Workplace audiovisual systems are evolving rapidly and with many factors contributing to the changes. Some in the industry are concerned that process is happening too quickly. Our experience in the field suggests otherwise: we could streamline the evolution of workplace AV for the benefit of everyone, from manufacturer to end user. To do so, we need to listen to the people with the most critically valuable information: the technology managers and the control systems programmers.

A collaborative space at The American Medical Association. Photo by Paul Morgan, courtesy IA Interior Architects.

Of course, everyone in the industry brings a valuable perspective. The problem is that, for a long time, the driving forces of evolution have been top-down. Manufacturers and integrators—highly knowledgeable in their own rights—have driven the conversation with users based on the product they have available to sell. But recently the balance has shifted. The technology market beyond the workplace walls is responding in real time to consumerization, presenting the market with simple, responsive, user-friendly devices for both AV and IT applications. Now end users in the workplace—who feel that they know how they should be able to interface with systems—are bringing to the “chief user,” the technology manager, their suggestions and complaints.

Style meets cutting-edge AV at Horizon Media. Photo by Magda Biernat, courtesy A+I Architecture.

The technology manager is then often in an unenviable position, advocating for the end users in negotiations with the integrator or the manufacturer. This is not to say that manufacturers and integrators are entirely unresponsive to the needs of end users. At the InfoComm Show in Orlando this past June, the major buzz on the show floor was around technology for huddle rooms, the informal meeting spaces ideal for impromptu collaboration and intimate presentations that have become ubiquitous in office designs over recent years. It was clear that manufacturers, at least, were responding to the talk of simplification and ease of use.

But there is still resistance within the industry to any move away from an industry-led model of development. As a result, I regularly see user interfaces that deserve to be set aside—not because they are obsolete, but because they are confusing and aggravating. When commercial AV user interfaces are designed badly, are difficult to use, or operate inconsistently, then they are less likely to become accepted and widely adopted, holding back the entire industry.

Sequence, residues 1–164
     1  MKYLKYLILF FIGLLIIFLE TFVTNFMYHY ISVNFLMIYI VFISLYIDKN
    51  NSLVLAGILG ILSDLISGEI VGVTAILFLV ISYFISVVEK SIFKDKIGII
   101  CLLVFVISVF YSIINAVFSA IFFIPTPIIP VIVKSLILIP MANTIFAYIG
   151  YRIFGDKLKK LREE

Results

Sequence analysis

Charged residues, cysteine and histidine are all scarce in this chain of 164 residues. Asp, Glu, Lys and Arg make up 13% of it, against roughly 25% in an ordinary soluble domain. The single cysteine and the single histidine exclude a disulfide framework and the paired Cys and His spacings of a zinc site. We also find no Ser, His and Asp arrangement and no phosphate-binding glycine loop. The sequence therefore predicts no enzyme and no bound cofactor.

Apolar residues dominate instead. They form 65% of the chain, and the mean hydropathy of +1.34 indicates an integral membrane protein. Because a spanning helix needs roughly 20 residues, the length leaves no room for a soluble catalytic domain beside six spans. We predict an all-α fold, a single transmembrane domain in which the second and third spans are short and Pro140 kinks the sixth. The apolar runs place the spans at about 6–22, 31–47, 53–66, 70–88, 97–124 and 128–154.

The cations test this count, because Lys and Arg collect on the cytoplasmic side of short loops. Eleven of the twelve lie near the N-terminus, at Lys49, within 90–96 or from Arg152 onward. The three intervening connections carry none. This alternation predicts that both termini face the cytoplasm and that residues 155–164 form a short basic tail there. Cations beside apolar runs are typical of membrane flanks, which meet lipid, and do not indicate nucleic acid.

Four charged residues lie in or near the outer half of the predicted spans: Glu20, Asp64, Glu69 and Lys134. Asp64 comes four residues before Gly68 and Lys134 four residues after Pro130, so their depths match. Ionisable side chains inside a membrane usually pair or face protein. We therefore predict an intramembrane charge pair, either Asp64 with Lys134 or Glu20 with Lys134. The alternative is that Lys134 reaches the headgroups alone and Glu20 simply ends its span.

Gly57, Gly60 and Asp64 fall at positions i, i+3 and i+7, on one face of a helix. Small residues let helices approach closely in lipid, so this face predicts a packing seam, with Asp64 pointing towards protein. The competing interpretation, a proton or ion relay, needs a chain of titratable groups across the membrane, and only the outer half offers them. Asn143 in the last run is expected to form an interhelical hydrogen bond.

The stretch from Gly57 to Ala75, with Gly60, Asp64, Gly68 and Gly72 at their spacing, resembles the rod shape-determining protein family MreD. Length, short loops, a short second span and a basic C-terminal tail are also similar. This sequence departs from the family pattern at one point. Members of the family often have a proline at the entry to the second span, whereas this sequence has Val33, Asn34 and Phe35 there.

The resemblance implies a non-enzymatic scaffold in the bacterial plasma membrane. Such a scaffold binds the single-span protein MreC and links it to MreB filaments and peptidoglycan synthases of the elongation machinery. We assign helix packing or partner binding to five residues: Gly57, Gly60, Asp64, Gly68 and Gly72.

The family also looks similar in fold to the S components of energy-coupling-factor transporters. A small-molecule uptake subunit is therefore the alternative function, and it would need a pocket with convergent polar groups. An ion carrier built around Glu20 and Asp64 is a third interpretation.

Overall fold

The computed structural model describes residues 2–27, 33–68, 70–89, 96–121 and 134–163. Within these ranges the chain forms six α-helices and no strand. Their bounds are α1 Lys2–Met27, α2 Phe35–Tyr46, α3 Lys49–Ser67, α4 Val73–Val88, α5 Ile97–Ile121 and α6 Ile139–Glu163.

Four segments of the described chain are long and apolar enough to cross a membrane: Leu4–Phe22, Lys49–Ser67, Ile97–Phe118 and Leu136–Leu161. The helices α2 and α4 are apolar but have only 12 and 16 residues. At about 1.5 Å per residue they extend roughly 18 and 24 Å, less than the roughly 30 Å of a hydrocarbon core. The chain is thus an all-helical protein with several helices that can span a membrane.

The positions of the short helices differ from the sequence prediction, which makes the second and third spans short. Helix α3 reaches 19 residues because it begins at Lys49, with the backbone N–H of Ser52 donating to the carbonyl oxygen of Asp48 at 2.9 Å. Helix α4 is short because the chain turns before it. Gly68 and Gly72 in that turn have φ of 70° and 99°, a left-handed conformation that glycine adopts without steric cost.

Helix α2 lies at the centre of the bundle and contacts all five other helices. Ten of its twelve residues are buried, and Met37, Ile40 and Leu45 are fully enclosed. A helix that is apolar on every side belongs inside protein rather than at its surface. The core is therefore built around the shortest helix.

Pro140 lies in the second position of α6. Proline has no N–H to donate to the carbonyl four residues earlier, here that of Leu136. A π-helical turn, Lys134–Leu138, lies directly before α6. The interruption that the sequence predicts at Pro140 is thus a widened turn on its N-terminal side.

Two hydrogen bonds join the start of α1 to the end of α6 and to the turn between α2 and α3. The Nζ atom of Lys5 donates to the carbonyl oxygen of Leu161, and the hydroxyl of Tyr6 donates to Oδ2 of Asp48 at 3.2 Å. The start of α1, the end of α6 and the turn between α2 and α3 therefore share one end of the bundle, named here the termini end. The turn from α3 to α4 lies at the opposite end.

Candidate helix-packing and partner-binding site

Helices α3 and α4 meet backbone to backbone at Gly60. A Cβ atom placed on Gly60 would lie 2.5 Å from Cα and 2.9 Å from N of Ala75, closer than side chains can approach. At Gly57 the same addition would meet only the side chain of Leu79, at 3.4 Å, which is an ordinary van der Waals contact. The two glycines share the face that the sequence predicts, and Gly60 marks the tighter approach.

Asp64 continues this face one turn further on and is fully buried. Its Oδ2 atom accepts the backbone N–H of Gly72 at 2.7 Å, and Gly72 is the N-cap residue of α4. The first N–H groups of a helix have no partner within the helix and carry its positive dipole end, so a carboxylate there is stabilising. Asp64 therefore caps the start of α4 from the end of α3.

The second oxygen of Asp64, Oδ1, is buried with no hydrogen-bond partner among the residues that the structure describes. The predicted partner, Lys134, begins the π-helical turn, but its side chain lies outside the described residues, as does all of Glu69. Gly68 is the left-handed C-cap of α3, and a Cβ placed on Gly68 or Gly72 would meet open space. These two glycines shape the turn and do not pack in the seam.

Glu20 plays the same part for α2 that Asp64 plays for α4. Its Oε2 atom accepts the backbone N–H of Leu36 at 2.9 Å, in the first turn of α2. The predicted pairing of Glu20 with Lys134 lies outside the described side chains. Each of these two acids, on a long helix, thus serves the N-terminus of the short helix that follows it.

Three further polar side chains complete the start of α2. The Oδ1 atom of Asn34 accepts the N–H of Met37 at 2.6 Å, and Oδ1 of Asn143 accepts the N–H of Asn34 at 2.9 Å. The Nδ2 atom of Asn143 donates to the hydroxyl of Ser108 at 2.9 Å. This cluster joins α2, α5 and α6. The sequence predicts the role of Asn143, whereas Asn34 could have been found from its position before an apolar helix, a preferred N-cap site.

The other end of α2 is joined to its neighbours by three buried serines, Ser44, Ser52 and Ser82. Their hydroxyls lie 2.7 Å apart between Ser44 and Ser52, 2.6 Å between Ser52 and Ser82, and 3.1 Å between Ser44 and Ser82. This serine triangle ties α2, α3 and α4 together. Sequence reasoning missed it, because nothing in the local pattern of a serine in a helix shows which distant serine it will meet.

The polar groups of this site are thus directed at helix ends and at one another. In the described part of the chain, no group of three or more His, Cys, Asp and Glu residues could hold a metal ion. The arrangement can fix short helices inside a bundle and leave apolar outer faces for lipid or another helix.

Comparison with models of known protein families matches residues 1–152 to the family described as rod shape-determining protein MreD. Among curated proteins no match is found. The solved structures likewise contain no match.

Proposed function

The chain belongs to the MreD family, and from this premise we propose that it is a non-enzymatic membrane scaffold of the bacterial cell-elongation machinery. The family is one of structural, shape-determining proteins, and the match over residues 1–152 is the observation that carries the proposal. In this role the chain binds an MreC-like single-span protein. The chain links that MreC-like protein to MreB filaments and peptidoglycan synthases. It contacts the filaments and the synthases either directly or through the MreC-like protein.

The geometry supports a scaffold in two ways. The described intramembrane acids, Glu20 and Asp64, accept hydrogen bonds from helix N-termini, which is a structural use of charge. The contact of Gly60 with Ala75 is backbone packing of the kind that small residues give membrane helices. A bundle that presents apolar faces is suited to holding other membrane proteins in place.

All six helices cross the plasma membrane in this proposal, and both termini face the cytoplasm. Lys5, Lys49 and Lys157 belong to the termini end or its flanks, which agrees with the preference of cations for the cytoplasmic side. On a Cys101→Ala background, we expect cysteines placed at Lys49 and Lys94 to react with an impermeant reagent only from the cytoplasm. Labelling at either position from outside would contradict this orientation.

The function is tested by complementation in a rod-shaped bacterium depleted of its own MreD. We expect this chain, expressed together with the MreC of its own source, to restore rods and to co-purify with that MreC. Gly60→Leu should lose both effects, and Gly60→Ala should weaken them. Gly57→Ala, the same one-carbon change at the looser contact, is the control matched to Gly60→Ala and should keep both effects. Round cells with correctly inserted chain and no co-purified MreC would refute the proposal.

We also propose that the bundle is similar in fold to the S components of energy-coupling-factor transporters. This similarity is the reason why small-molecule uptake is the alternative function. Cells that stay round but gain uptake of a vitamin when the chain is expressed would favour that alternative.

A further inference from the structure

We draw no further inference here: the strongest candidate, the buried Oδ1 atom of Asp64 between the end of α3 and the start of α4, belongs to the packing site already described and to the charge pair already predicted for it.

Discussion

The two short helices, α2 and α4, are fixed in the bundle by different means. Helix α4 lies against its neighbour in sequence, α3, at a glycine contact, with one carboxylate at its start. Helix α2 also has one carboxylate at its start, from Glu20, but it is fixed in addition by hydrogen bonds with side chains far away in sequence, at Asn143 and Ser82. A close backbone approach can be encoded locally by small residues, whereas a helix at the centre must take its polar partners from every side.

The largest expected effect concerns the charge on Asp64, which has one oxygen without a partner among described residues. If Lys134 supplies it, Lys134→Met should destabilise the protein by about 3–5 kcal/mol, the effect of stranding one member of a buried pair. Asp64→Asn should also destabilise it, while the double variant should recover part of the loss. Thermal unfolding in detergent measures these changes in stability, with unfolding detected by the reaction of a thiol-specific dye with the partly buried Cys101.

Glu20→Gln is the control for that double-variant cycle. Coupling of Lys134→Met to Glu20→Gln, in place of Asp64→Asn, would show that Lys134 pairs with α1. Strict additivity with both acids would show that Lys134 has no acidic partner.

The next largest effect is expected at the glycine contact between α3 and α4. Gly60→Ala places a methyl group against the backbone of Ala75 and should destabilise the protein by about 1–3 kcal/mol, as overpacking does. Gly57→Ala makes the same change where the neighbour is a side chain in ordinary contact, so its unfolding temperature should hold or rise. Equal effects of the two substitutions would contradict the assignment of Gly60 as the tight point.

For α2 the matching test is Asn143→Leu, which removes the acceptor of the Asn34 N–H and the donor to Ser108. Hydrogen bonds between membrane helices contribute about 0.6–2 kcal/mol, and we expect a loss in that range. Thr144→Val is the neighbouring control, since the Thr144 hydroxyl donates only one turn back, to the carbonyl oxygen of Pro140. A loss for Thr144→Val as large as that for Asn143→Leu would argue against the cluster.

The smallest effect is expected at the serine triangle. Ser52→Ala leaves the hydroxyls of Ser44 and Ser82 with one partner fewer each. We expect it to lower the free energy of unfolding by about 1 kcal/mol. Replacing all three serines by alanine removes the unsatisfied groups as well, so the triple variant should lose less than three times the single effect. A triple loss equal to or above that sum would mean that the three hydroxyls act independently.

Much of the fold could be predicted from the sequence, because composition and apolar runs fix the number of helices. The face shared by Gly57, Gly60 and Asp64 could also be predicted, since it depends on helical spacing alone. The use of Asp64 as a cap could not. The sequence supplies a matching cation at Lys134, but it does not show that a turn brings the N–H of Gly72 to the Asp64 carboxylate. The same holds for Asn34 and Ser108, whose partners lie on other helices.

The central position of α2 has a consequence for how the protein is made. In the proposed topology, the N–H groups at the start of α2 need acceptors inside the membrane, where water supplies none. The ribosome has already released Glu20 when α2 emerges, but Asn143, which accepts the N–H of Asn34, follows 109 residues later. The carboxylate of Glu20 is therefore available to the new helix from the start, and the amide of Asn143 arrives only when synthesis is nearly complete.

High-tech hub at Brookfield Properties NY: Photo by LSM Architects, courtesy VCA.

We need to dispense with the notion that the consumerization of the commercial AV marketplace is a bad thing. As technology professionals, we prize excellence in design and engineering. It only makes sense that the most widely adopted user interfaces are, in some important respects, the best designed. In the current workplace sector, thanks to innovation in manufacturing and integration, the hardware has already done most of the difficult work. Built to support easy plug-and-play configuration—with functions like 'look at me' buttons for instantly switching sources or aiming cameras at preset positions—the latest hardware should make tasks like videoconferencing easy for end users. But too often the interface presents unnecessary obstacles. Time spent struggling with controls to make a presentation or videoconference work represents lost productivity, but worse yet, creates anxiety and discomfort for the user.

Most end users are not AV professionals, but they don’t need to be to know what works well, and what doesn’t. Simple, elegant interfaces will win every time. If you don’t agree, consider how hardware connections are trending. On the end-user side, there’s zero nostalgia for the days of sorting through VGA and HDMI adapters before getting a meeting started.

Robert Fini, principal in the Technology Group, Cerami & Associates, Inc

Going forward, my advice is for the users to stick to their guns: keep demanding simpler, more intuitive interfaces and connections.

And for the manufacturers and integrators, keep listening to your customers. Be open to seeing things from a perspective outside the industry. A consumer-driven marketplace may seem like a huge headache, but the users’ voices have gone unheard for too long. Tuning in to what they are demanding will improve your product and streamline the process of users adopting new technology.

Robert Fini is a principal in the Technology Group for nationally renowned acoustics and technology consultancy Cerami & Associates, Inc. From the firm’s Philadelphia office, he manages multidisciplinary projects with a focus on audiovisual technology systems, for clients in the corporate, institutional, hospitality, healthcare, and government sectors.

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Cerami & Associates
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